Thank you very much for these clear explanations of phi proeertips. I tried to solve some exercices about it and I was a bit lost I’m in premiere in a French high school and I have to do for the next week a big, big work in a group about a subject with both Maths and Biology (OK, we have to do it for months, but we’re a bit late ).We chose the golden number and how you can find it in nature, but we didn’t find some demonstrations (that’s right, we’re not cleverer than a banana). I’ve been looking for these on the web for long and you’re the first site which I understand !Thank you !

Joe says

Doesn’t the last series mentioned here (φ^n)+/-(φ^-n) for even and odd numbers respectively converge on φ^2, not on φ?

Ahh, my bad. The series generated by either the odd or the even integers converges on φ^2, but the series with both results converges on φ.

Beautiful!

The algebraic proof does pridove certain insights as well. For example, it tells you that the property,F(n+1)^2 – F(n)*F(n+2) = –[F(n)^2 – F(n–1)*F(n+1)] for all n,is independent of the initial values F(1) = 1, F(2) = 1, and therefore that something like Cassini’s identity will hold for any choice of initial conditions.This property can be rewritten F(n+1)^2 + F(n)^2 = F(n)*F(n+2) + F(n–1)*F(n+1), which has a simple geometric interpretation:The area of the two squares* * * * * * * ** * * * * * * ** * * * * * * ** * * * ** * * * *is the same as that of the two rectangles* * * * * * * ** * * * * * * ** * * * * * * ** * * * ** * * * *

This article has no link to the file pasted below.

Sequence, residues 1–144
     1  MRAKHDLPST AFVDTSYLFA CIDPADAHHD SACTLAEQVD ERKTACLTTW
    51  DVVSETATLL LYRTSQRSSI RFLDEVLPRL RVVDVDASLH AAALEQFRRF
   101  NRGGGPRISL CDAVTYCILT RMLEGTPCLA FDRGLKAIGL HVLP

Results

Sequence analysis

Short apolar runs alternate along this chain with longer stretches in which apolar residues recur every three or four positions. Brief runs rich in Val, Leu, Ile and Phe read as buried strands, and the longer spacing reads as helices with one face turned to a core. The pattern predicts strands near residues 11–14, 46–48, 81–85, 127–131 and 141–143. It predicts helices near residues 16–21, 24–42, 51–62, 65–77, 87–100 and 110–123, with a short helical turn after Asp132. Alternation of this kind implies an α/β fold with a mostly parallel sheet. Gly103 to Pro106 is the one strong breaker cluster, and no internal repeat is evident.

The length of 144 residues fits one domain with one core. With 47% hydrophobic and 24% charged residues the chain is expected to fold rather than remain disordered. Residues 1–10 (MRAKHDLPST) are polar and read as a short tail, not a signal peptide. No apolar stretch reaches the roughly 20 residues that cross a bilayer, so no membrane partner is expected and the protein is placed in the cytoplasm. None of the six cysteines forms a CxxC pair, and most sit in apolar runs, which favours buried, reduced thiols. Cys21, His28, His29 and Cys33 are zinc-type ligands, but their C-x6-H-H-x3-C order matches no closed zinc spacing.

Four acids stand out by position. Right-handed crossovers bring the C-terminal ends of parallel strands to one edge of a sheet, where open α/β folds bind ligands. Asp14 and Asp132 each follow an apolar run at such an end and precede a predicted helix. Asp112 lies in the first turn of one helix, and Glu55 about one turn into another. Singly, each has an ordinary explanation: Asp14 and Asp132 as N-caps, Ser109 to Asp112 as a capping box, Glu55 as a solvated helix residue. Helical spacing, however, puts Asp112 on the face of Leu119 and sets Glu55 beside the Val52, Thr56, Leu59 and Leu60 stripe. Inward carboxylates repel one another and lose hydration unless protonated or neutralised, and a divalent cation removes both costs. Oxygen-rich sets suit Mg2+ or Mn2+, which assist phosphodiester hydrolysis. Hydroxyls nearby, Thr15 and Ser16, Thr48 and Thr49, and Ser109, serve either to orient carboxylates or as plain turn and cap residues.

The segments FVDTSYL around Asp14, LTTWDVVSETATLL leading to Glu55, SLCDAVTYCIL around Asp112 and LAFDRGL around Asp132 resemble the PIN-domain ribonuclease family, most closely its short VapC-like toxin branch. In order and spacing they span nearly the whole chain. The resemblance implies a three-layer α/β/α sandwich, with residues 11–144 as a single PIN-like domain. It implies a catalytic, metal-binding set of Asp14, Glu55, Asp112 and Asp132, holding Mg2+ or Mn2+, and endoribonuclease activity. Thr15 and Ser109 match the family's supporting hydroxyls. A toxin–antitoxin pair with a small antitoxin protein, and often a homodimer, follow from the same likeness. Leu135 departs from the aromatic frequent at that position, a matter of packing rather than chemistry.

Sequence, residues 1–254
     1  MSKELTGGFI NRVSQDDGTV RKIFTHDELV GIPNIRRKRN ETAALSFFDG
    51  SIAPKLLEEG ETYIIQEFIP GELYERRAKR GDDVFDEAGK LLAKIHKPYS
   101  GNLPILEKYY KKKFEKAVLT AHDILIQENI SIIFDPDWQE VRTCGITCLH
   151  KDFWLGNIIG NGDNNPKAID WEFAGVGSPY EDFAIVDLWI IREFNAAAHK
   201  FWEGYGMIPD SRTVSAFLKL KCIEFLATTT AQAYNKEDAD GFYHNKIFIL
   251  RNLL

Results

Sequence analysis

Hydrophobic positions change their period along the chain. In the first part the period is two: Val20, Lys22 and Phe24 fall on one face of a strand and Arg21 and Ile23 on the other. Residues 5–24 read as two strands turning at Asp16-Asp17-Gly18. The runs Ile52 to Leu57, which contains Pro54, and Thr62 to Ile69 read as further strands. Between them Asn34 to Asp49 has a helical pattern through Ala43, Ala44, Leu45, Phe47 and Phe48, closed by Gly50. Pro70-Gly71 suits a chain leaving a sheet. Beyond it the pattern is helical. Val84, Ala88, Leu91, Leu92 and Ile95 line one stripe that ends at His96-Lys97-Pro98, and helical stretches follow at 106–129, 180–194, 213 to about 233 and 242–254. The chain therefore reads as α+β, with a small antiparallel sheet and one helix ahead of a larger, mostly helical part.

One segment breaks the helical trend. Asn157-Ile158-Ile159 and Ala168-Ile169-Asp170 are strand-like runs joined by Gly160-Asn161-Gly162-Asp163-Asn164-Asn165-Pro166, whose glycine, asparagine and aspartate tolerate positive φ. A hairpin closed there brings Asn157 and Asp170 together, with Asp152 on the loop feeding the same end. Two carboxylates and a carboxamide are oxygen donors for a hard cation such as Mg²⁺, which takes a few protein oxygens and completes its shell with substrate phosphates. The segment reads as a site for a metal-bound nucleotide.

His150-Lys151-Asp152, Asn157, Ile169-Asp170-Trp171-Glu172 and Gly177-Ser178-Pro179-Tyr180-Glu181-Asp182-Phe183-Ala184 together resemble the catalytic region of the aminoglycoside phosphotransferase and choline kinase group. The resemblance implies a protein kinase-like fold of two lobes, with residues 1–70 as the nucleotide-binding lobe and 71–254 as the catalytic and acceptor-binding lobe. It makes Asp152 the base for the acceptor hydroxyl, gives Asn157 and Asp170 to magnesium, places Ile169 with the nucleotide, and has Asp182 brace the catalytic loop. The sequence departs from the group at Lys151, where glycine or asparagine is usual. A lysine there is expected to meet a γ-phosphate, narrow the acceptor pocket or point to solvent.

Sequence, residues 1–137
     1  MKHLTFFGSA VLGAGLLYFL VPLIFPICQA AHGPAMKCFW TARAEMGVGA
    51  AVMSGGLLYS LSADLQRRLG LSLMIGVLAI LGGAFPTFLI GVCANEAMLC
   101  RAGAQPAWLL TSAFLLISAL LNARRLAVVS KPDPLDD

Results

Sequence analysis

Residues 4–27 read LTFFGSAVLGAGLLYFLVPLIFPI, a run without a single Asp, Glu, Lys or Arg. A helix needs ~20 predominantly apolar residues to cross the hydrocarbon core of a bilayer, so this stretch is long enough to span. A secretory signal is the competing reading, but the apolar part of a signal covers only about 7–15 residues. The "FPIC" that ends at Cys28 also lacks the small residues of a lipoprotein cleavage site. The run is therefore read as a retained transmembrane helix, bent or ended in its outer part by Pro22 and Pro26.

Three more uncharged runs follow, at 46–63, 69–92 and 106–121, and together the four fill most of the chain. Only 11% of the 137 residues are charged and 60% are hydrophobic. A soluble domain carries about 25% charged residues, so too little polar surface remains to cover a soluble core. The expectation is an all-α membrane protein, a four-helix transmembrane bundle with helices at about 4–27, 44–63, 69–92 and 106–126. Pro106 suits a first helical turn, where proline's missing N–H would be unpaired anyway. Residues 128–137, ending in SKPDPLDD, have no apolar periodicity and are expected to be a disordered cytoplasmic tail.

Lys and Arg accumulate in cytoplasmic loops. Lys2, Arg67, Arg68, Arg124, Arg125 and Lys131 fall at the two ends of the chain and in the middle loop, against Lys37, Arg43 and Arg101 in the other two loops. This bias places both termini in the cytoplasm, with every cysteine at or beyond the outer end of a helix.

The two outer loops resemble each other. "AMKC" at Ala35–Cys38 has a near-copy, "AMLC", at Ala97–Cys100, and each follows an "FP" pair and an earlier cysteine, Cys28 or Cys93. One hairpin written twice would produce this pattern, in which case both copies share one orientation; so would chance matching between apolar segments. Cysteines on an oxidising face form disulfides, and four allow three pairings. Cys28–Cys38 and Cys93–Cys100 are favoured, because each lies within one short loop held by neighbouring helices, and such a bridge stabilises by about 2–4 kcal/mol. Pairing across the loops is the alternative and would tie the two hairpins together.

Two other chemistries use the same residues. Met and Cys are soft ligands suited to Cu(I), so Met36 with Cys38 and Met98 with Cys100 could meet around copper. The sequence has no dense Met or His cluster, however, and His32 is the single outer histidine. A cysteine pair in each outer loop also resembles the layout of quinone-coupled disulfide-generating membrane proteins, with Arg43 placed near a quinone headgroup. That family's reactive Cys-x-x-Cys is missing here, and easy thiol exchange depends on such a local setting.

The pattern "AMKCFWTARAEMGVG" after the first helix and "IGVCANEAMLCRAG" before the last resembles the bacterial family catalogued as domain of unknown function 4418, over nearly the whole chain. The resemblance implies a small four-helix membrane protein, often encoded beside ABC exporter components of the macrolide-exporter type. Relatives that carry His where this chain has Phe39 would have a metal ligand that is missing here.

new mathematics. look at http://www.phimath.net

The result of the exponent is called Lucas numbers.

all the powers of phi have the same form: http://prntscr.com/45ybe5. whem L is lucas numbers – the result of the exponent and F is fibonacci sequence.

Just messin’ around raising Phi to powers on my calculator.. I discovered for myself the Lucas numbers! which is a series similar to Fibonacci, with one astounding fact :-

Firstly fyi – to get the series the same rule applies where the next term is the sum of the previous two, just let the sequence start with 2 and 1 instead of 1 and 1.

2 1 3 4 7 11 18 29 etc…

The sequence also carries on leftwards where there is a spooky similar sequence with alternating sign:

…. -29 18 -11 7 -4 3 -1 2 1 3 4 7 11 18 29 …

The rule to get next term means, as per such series, that the further to the right we go (positive numbers) the ratio between successive terms approaches Phi.

The astounding fact to me is that Phi raised to higher and higher integer powers directly gives these numbers more and more accurately. Why does Phi raised to a very high number tend towards an integer boundary? I wonder if this is significant or useful.

I also noticed that Phi raised to higher powers tends toward integer results.. (i.e. mod1[phi^x} ==>0 as x==> infinity for all natural x). I wonder if there are any other non integers greater than 1 that have this property?